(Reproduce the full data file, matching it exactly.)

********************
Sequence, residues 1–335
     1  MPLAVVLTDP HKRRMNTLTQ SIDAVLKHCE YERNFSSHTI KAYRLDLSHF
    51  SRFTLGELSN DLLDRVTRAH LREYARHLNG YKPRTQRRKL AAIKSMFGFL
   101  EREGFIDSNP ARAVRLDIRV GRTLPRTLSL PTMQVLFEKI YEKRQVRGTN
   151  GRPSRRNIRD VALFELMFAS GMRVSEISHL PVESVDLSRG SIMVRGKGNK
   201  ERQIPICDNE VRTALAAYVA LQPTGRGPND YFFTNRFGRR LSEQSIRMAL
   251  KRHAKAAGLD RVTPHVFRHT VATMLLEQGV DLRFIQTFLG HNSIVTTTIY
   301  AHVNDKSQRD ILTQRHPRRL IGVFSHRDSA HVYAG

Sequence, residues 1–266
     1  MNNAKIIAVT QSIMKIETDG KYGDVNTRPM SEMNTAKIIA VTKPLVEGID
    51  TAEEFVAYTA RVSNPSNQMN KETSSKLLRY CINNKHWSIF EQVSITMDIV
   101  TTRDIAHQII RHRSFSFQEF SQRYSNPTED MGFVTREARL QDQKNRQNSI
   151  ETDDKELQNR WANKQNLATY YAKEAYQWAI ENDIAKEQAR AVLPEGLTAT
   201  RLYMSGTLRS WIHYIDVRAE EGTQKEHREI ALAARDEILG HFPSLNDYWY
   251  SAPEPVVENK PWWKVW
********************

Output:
Sequence, residues 1–335
     1  MPLAVVLTDP HKRRMNTLTQ SIDAVLKHCE YERNFSSHTI KAYRLDLSHF
    51  SRFTLGELSN DLLDRVTRAH LREYARHLNG YKPRTQRRKL AAIKSMFGFL
   101  EREGFIDSNP ARAVRLDIRV GRTLPRTLSL PTMQVLFEKI YEKRQVRGTN
   151  GRPSRRNIRD VALFELMFAS GMRVSEISHL PVESVDLSRG SIMVRGKGNK
   201  ERQIPICDNE VRTALAAYVA LQPTGRGPND YFFTNRFGRR LSEQSIRMAL
   251  KRHAKAAGLD RVTPHVFRHT VATMLLEQGV DLRFIQTFLG HNSIVTTTIY
   301  AHVNDKSQRD ILTQRHPRRL IGVFSHRDSA HVYAG

Sequence, residues 1–266
     1  MNNAKIIAVT QSIMKIETDG KYGDVNTRPM SEMNTAKIIA VTKPLVEGID
    51  TAEEFVAYTA RVSNPSNQMN KETSSKLLRY CINNKHWSIF EQVSITMDIV
   101  TTRDIAHQII RHRSFSFQEF SQRYSNPTED MGFVTREARL QDQKNRQNSI
   151  ETDDKELQNR WANKQNLATY YAKEAYQWAI ENDIAKEQAR AVLPEGLTAT
   201  RLYMSGTLRS WIHYIDVRAE EGTQKEHREI ALAARDEILG HFPSLNDYWY
   251  SAPEPVVENK PWWKVW